Can Testosterone Therapy Cause or Worsen BPH?

As men age, it is common to encounter both Benign Prostatic Hyperplasia, BPH, and low testosterone, known as hypogonadism. Either condition is often disruptive to a man’s life. In an ideal world, both problems would be treated quickly and completely. However, there are concerns over the relationship between testosterone replacement therapy (TRT) and the development or worsening of BPH. Concerns center around the fact that testosterone is converted to by the body to dihydotestosterone (DHT), which in turn is known to stimulate an increase in prostate size. This has become an important topic of discussion as testosterone replacement therapy has increased in popularity in recent years.

Many studies have been conducted on this topic, however additional research is needed to understand the extent of the relationship between TRT and BPH. Some conclusions follow:

A 2004 paper1 followed a 53 year old through treatment for sexual dysfunction. Over the course of the treatment, and even after, the patient’s prostate specific antigen (PSA) increased significantly which can indicate prostate enlargement or other prostatic issues.  In fact, during and after the course of treatment, the patient’s prostate volume increased significantly1. Again, an increase in prostatic volume is not necessarily specifically due to BPH, but those already experiencing the symptoms of BPH can experience a worsening. The authors consider significant BPH symptoms to be a reason to closely monitor men’s lower urinary tract symptoms prior to, and during testosterone replacement therapy.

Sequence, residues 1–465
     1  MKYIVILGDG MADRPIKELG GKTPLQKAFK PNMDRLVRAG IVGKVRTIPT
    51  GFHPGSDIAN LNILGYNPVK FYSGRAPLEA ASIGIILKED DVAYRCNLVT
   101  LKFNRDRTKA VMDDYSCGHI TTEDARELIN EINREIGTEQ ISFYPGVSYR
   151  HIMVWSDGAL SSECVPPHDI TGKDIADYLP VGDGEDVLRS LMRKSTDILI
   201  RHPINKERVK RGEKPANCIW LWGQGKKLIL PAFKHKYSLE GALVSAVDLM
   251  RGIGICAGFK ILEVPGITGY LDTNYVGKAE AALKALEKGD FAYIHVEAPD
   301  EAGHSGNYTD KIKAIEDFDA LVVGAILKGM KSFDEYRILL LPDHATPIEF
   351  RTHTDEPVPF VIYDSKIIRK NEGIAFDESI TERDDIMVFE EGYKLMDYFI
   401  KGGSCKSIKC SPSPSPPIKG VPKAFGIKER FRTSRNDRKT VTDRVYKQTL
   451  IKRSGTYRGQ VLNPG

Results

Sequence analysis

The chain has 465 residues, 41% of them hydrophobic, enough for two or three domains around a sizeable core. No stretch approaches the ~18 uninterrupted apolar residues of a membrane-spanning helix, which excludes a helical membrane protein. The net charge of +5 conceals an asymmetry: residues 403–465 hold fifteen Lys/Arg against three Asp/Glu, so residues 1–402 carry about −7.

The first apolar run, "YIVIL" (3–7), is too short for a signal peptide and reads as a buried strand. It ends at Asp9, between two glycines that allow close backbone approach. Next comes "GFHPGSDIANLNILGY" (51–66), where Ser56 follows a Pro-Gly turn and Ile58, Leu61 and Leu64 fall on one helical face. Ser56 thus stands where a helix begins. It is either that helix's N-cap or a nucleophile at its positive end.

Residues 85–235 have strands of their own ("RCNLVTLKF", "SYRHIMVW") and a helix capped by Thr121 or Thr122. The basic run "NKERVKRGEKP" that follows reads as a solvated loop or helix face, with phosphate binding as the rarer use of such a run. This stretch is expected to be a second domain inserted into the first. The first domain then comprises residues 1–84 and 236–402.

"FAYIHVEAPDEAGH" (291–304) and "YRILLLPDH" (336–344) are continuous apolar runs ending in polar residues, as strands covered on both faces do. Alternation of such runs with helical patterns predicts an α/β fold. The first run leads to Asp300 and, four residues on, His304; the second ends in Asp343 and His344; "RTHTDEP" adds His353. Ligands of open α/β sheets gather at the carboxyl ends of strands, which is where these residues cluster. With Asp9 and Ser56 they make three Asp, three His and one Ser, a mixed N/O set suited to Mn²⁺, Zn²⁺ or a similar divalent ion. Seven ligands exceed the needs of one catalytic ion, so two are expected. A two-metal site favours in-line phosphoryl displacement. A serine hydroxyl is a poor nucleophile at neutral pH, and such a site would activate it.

A recent study in the Indian Journal of Urology2 seems to agree with the conclusions posited above. The authors, in reviewing other studies, conclude that higher testosterone serum levels alone may have no effect on BPH – indeed, they may help prevent the development of BPH. However, their review showed that there may be a significant risk of BPH in patients with higher levels of DHT – the product of testosterone conversion by the enzyme 5-alpha reductase.

So what can a patient with low testosterone do when the relationship between BPH and TRT is unclear? Patients should, of course, consult with their urologist and medical team to learn more about the benefits and risks of hormone replacement therapy. If their medical team believes the benefits of starting testosterone therapy outweigh the potential for worsened BPH, they may want to consider hormone therapy.

1Gore J, Rajifer J. Rising PSA during Testosterone Replacement Therapy. Rev Urol. 2004; 6(Suppl 6): S41–S43 http://www.ncbi.nlm.nih.gov/pmc/articles/PMC1472885/

2Patel N, Parsons J. Kellogg. Epidemiology and etiology of benign prostatic hyperplasia and bladder outlet obstruction. Indian J Urol. 2014 Apr-Jun; 30(2): 170–176. doi:  10.4103/0970-1591.126900 http://www.indianjurol.com/article.asp?issn=0970-1591;year=2014;volume=30;issue=2;spage=170;epage=176;aulast=Patel

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